Driehaus has held the post of House Democratic Whip since January 2005.

The Cincinnati Democrat, meanwhile, nominated Rep. Joyce Beatty of Columbus to retain the House Democratic Leader's job when the Ohio General Assembly convenes its 127th session on Jan. 2.

Driehaus noted that the acrimony-free leadership vote was a testament to Beatty’s ability to bring members together and unify the caucus as a team while improving Democrats’ clout in the legislature.

"We’ve had divisive leadership battles in the past," Driehaus said. "The fact that we are unified right now says a lot about Rep. Beatty’s leadership style."

House Democrats gained seven seats Nov. 7, their largest as a party since 1972. But Republicans will retain a majority of seats, 53 to 46, in January.

In January, Beatty became the first woman to lead Democrats in the House when Rep. Chris Redfern resigned his leadership post to focus on his new role as chairman of the Ohio Democratic Party.

Beatty, Driehaus and the rest of the current House Democratic leadership team were re-elected by acclamation and without opposition.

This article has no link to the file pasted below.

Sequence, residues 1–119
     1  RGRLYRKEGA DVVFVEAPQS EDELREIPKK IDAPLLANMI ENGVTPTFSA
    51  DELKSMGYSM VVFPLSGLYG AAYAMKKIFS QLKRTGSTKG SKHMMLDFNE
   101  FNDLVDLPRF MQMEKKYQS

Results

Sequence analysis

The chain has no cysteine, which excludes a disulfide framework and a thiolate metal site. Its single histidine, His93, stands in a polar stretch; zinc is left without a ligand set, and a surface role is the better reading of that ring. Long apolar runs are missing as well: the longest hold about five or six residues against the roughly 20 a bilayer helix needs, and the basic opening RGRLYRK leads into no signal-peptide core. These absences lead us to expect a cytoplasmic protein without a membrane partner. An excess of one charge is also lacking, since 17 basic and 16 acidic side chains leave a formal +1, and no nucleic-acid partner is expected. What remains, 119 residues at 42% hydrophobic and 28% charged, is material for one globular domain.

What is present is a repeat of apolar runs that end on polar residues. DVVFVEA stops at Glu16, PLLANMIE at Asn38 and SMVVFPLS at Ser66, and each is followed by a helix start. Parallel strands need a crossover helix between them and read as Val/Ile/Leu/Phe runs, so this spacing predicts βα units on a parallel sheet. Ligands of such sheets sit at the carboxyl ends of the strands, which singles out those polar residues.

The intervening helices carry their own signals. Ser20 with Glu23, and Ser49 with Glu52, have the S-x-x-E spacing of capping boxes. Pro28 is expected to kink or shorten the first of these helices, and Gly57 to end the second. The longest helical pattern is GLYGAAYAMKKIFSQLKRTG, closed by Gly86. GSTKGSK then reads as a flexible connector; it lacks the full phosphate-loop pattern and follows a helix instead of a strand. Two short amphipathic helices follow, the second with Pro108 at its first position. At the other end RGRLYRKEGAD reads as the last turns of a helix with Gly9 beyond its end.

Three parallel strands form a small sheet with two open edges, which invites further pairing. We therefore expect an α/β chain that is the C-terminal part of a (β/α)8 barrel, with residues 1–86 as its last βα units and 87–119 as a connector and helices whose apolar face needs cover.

Rep. Fred Strahorn of Dayton was reappointed as Assistant Democratic Whip, a post he has held since March.

DeWine headed to Haiti

Sen. Mike DeWine, his wife, Fran, and their 23-year-old daughter, Alice, are traveling to Haiti this week. It will be DeWine's last trip as a U.S. senator to the island he has taken a personal interest in during the last 12 years that he's served in Washington.

DeWine lost his re-election campaign to Democrat Sherrod Brown last month.

During the trip, the DeWines will meet with Haitian political leaders, and visits to local schools. Sen. DeWine last visited Haiti with Secretary of State Condoleezza Rice in 2005 as part of a delegation to show support for Haiti’s presidential election.

He introduced the Haiti Economic Recovery Opportunity (HERO) Act just before the election that would improve the economic and political situation in Haiti by promoting trade. The bill would use trade incentives to encourage the Haitian government to make reforms. The Senate approved a similar bill in 2004, but it wasn't voted on in the House.

The DeWines will return from Haiti on Saturday. Sen. DeWine will be in Washington next week for his last congressional session.

Portune: Hooray Pirtle, forget Dantonio

Yesterday -- Nov. 28, 2006 -- officially was designated as Laurie Pirtle Day in Hamilton County in an action taken today by commissioners.

Pirtle (pictured) is the University of Cincinnati women's basketball coach who earned her 300th career Tuesday with with a 74-57 win over Murray State.